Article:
COLUMBIA — Use of scientific techniques to investigate and resolve wildlife crimes could help to reduce poaching and trafficking of endangered species, said an environmental expert and conservation consultant Wednesday night.
Laurel Neme wrote a book last year titled "Animal Investigators" that highlighted how the U.S. Fish and Wildlife Forensics Laboratory is using technology to solve crime against wildlife. She spoke at the Life Sciences Center at MU about how wildlife poaching and trafficking has become a complex, global trade that can only be curbed using equally sophisticated methods.
“Although the wildlife forensic laboratory cannot eliminate poaching and trafficking, it can help to minimize it,” Neme said.
Experts estimate that revenue from global trafficking in wildlife trophies has hit $20 billion per year, an estimate that surpasses illegal weapons traders’ annual earnings, but falls short of the amount that global drug pushers make in a year.
Wildlife traffickers have developed sophisticated methods of ferrying their cargo, making it harder for law enforcement officers to track them.
The difference in legal systems defining wildlife crime also makes it harder to crack down on traffickers who have learned how to exploit legal loopholes in their target countries.
“It becomes very difficult to trace where a processed ivory souvenir statue originated from, but forensic laboratory technology can and has been used to resolve such cases,” said Neme in an earlier interview.
Participants in the conference, however, said forensic poachers were likely to invent new ways of staying ahead of law enforcers.
“Traffickers will always be there as long as there is demand for their goods,” said Nicholas March, a student at MU taking wildlife studies.
Michael De Stefano, a hotel and restaurants management major, said building more forensic laboratories could help to resolve wildlife crimes faster.
The Ashland, Ore., laboratory is the only specialist wildlife crime forensic investigative center in the world.
It focuses on cases from the U.S. but also assists in investigations from Convention on International Trade in Endangered Species member countries.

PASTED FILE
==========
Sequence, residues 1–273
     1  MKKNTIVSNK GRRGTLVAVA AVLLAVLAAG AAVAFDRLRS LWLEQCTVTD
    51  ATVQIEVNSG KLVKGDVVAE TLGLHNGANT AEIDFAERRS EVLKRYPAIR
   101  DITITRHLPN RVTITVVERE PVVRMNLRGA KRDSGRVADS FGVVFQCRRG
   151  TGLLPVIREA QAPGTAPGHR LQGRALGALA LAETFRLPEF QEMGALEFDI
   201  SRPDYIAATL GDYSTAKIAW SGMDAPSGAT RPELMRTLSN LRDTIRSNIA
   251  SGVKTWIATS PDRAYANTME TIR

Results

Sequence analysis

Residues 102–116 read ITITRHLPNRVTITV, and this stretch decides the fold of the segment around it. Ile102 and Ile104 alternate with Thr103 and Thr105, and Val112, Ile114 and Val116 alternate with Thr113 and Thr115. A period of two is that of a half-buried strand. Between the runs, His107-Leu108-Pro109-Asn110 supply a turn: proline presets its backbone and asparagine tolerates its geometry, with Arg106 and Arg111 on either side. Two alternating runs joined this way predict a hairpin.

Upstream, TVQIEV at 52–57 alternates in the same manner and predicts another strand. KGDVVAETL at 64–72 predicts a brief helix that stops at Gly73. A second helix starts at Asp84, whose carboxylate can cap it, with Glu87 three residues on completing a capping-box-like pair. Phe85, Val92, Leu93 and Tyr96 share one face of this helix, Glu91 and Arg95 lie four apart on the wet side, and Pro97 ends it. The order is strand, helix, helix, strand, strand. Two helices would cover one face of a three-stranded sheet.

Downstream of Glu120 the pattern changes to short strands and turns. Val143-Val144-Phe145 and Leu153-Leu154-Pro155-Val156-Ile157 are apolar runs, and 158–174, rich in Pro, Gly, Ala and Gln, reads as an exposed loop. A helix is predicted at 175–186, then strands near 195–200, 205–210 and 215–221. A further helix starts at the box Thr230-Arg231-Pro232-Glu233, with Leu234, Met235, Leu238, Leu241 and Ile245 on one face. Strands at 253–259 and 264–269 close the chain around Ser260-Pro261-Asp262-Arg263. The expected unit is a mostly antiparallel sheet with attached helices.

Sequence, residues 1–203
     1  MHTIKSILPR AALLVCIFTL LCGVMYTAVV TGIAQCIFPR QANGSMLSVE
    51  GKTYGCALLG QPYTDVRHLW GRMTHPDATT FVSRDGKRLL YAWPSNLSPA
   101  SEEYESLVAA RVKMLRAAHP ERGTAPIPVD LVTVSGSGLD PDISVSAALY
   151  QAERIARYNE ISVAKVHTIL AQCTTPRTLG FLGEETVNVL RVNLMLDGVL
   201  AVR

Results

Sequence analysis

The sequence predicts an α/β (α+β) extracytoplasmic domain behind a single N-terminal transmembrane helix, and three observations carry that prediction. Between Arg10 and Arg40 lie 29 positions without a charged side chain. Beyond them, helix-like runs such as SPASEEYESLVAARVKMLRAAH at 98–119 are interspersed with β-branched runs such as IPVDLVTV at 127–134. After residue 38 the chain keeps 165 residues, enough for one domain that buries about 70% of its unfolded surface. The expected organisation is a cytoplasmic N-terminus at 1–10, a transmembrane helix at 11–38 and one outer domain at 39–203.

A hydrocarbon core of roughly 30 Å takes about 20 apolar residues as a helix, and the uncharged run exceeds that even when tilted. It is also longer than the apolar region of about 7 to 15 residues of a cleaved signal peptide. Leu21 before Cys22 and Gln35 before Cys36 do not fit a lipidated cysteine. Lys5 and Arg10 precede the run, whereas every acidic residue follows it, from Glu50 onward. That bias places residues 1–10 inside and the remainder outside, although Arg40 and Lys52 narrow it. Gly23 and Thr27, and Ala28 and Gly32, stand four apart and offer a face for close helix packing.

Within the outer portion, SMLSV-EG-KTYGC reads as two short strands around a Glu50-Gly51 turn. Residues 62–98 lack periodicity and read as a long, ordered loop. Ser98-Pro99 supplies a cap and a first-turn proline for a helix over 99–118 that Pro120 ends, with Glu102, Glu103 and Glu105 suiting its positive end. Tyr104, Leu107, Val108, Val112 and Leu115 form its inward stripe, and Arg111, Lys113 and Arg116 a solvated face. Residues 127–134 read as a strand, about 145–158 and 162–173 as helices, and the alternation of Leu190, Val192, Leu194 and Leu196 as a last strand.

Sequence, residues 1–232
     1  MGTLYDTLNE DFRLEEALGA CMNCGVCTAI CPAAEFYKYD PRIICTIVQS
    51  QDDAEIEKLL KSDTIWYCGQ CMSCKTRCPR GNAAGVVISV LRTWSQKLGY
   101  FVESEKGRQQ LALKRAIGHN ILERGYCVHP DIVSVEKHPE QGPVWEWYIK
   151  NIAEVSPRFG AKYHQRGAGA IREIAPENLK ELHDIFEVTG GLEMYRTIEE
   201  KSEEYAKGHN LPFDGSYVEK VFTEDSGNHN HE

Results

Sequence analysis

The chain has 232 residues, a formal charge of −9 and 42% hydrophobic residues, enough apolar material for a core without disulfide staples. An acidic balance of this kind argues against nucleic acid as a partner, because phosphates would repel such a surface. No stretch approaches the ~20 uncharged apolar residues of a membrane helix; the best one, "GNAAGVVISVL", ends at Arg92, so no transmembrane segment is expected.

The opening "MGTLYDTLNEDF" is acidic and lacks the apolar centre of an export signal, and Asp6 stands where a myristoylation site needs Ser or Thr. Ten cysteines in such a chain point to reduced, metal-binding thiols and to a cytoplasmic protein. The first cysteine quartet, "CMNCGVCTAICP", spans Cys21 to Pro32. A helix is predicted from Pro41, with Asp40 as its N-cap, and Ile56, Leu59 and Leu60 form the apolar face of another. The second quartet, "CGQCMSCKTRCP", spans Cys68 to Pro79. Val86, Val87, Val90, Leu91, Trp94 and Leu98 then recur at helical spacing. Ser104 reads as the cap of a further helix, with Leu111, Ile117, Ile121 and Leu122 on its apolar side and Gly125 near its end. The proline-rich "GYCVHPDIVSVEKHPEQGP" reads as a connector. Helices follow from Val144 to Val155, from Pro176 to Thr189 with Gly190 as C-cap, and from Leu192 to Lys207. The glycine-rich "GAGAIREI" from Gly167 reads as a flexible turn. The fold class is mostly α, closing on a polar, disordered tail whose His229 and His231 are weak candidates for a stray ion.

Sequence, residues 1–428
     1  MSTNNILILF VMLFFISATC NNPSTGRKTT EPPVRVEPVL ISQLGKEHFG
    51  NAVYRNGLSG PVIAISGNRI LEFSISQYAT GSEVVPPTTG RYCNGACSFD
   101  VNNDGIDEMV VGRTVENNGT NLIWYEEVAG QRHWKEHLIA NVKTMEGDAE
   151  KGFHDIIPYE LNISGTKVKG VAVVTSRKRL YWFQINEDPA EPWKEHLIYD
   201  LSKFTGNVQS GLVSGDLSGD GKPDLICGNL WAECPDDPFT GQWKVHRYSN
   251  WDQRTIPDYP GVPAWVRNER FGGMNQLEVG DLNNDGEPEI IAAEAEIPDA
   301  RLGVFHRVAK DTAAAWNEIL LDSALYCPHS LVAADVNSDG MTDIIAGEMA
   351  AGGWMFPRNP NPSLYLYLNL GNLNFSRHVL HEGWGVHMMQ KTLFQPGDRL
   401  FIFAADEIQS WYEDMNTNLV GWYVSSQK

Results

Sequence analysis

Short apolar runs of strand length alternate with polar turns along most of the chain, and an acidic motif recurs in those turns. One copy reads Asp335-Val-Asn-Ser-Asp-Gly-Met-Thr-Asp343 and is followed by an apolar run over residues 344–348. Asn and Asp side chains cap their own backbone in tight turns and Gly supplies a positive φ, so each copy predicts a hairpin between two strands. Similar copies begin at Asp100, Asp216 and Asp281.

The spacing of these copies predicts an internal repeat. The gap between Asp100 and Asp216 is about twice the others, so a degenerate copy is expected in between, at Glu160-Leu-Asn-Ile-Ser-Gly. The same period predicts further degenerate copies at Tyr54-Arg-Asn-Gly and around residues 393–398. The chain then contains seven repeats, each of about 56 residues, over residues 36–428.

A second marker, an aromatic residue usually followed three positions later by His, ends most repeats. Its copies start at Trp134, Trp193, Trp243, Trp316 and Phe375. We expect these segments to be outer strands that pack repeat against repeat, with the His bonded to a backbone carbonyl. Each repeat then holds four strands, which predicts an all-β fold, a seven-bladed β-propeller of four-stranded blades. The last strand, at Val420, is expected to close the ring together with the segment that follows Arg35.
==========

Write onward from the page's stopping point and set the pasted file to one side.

As a young girl, Neme was always fascinated by wildlife and remembers the gripping National Geographic images of Jane Goodall’s close encounters with chimpanzees in an African jungle.
She also recalls the late 1980s when incidents of elephant poaching reached alarming levels and the then-Kenyan President Daniel Moi torched millions of dollars worth of elephant tusks to attract world attention to the dangers that poachers posed to dwindling wildlife species in Africa.
Her passion for wildlife has turned her into a full-time environmental consultant and author on wildlife issues, sharing her expertise through writing.
“Richard Leaky became my personal hero,” said Neme, referring to the Kenya Wildlife Services director who spearheaded security operations to rid the east African country of poachers who marauded its world famous national parks. “He put his life on the line to protect endangered animals.”
Almost two decades after the torching of elephant tusks was made famous by international media, Neme went to Kenya and sought out Leaky to write a foreword to her book, "Animal Investigators."
She previously consulted on natural resource management and policy issues for the U.S. Treasury Department, U.S. Agency for International Development and non-governmental organizations and spoke passionately about her shift into authorship.
She said an “encouraging” uptake of her first book, which was published last year, has given her the push to start working on a second title, a non-fiction narrative book on wildlife trade and forensics.
Although Neme said she does not have a record of sales of the book, which had an initial print of 8,000 copies, she added the publisher is preparing to roll out a second batch.
“The book has appealed to a wide cross-section of readers including policy makers, university and school kids,” Neme said.